Coming into my internship in Vietnam, I was a strong proponent of an approach to human rights that was cognizant and responsive to the lived experiences of those directly impacted, placing my approach to human rights more closely aligned to a bottom-up approach. While a top-down approach to human rights generally begins with an overarching principle(s) or an authoritative procedure from which human rights can then be implemented, a bottom-up approach relies on human rights as it’s applied in our everyday lives then links it to broader principles that one could rely upon to explain its moral weight and to resolve conflicts (Griffin 29). While some scholars are skeptical of the top-down approach of human rights since it can impose culturally ignorant and/or irrelevant rules on others (Posner), embodying coercive strategies reminiscent of Western imperialism over non-Western states, my internship encouraged me to reflect on the value of the top-down approach to human rights in spaces where civil society is heavily regulated and human rights work is under scrutiny. 

My organization examined whether the Vietnamese Government has met its international human rights commitments from a top-down as opposed to bottom-up approach by using international human rights documents such as the Universal Declaration of Human Rights and the Convention on the Elimination of All Forms of Discrimination Against Women as the sole benchmarks for what the Vietnamese government should seek to achieve. As a local Vietnamese organization working on domestic human rights issues, I would have thought a more nuanced approach to human rights would have been taken. So why this approach?

Through discussions with my colleagues and through the work itself, it was evident that international human rights documents established the benchmark for what my organization thought that Vietnamese society should aim to achieve regardless of the broader social, economic, and political landscape of the country. The work of my organization highlighted the ways that Vietnam was living up to these standards and the many ways it wasn’t. But what would a bottom-up approach look like in practice? My thought is that if this approach relies on a network of individuals, local and international human rights NGOs, governmental institutions, and community organizations to advocate for an approach to human rights that is grounded in the realities of those living in Vietnam, and civil society is under heavy scrutiny in in South-East Asia which I discuss in my previous blog, a bottom-up approach to human rights may not only put advocates at risk of state prosecution but may have a lesser impact because there are no other sources advocating for this approach.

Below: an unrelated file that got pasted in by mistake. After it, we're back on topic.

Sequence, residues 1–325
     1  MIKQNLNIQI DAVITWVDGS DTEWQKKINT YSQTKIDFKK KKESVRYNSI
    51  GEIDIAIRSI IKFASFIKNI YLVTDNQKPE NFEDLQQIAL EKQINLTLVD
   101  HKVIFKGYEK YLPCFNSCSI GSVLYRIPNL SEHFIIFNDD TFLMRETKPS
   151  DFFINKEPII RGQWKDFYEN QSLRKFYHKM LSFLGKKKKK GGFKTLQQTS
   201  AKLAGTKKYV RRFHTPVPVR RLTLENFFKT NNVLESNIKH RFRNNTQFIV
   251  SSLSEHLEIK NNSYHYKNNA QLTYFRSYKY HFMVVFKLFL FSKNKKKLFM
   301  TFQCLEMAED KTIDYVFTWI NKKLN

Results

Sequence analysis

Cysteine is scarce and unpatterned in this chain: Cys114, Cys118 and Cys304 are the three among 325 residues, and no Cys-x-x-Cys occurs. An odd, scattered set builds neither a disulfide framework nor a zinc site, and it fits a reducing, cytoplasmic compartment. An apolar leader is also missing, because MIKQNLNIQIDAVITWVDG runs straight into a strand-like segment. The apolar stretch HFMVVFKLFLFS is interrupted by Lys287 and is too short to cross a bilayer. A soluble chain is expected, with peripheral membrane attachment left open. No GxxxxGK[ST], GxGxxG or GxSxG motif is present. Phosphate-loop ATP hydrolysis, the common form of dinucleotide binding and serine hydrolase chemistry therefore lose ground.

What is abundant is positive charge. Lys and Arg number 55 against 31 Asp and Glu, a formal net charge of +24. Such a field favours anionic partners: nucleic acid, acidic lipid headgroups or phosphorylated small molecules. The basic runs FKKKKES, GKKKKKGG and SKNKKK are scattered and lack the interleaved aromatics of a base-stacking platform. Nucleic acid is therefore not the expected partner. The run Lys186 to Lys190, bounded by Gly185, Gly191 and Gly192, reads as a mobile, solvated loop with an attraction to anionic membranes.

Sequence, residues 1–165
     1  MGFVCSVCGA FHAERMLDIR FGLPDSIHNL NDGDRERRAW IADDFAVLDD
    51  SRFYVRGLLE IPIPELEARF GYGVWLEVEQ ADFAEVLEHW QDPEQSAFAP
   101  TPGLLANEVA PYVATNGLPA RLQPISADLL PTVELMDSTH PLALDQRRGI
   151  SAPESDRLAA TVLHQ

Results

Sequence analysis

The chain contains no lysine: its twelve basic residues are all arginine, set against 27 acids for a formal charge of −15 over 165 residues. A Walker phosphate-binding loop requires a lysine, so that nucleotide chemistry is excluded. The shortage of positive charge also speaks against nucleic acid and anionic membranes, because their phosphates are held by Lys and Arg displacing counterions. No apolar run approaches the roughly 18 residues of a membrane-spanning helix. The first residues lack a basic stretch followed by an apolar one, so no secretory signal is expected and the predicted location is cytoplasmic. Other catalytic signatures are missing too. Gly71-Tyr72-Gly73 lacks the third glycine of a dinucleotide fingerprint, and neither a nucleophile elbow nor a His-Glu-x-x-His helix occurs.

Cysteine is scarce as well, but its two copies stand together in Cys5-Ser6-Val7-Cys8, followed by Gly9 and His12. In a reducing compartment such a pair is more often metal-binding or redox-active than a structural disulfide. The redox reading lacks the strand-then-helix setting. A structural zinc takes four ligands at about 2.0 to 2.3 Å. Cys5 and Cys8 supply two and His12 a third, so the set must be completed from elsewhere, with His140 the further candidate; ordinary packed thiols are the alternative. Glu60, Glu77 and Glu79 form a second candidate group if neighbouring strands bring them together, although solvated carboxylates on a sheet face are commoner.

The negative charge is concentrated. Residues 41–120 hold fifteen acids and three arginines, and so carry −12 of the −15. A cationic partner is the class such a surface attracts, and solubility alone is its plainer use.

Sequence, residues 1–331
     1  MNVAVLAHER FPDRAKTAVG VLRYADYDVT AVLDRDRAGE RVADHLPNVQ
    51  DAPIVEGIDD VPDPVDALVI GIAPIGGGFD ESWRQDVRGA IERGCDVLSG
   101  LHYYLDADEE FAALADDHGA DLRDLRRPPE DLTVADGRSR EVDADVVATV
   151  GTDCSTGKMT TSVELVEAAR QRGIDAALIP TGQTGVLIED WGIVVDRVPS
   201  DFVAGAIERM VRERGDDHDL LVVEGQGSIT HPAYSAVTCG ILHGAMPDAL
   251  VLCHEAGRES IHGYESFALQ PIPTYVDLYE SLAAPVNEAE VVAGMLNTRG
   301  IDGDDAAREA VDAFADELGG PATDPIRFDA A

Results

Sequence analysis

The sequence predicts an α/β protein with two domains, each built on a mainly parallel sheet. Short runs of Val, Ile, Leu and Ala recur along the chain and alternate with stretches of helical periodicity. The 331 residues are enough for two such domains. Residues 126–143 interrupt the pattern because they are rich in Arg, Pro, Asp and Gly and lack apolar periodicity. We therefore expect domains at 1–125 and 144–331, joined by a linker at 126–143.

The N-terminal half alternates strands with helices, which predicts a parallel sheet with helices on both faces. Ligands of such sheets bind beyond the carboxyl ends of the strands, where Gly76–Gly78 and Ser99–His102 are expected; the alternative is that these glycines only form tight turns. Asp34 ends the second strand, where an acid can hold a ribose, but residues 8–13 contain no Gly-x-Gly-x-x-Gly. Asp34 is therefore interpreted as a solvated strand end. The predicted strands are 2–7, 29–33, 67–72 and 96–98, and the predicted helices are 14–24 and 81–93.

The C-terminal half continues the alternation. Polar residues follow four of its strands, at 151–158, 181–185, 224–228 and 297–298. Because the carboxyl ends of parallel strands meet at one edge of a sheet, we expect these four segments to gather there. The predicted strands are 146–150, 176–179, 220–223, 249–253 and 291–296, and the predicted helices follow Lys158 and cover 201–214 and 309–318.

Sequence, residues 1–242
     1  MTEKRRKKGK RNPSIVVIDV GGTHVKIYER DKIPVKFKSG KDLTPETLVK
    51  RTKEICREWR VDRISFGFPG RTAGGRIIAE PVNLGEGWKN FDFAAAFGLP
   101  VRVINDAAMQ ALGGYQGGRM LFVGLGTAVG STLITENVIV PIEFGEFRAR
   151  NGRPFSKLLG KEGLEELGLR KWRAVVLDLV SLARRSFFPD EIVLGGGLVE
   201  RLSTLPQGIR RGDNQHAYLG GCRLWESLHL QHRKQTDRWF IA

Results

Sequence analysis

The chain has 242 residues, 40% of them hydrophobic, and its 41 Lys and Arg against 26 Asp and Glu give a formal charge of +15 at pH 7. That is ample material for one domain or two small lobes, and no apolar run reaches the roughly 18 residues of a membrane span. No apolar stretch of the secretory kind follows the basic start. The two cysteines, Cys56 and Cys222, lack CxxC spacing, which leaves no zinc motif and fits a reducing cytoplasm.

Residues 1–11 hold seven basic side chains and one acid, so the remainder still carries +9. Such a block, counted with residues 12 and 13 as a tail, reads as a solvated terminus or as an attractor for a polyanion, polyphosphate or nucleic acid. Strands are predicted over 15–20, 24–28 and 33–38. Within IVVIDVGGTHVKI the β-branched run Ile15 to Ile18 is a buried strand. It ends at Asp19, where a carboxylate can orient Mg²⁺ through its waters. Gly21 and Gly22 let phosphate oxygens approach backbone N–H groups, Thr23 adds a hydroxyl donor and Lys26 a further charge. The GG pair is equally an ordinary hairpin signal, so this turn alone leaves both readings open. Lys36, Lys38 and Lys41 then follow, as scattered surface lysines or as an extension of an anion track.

On the other hand, I wonder if the use of the top-down approach is a question of cultural globalization. I personally found Vietnam to embody traditional ideas of the family unit including strict ideas about gender roles and physical presentations. However, at my workplace which was mostly staffed by younger Vietnamese people, I found ideas about human rights to align with Western human rights more closely such as for example, support for non-nuclear family structures and a focus on the rights of the individual (as opposed to the community). Perhaps this guided the work of the organization towards following the top-down approach to human rights. As I reflect on my work in Vietnam over the summer, I am only now asking myself these questions. For what it’s worth, these thoughts make me question the broader institution of human rights in a way I hadn’t prior to this internship experience.

Griffin, James. On Human Rights, Oxford University Press, Incorporated, 2008. ProQuest Ebook Central

Posner, Eric. “The Case Against Human Rights,” The Guardian, 4 December 2014,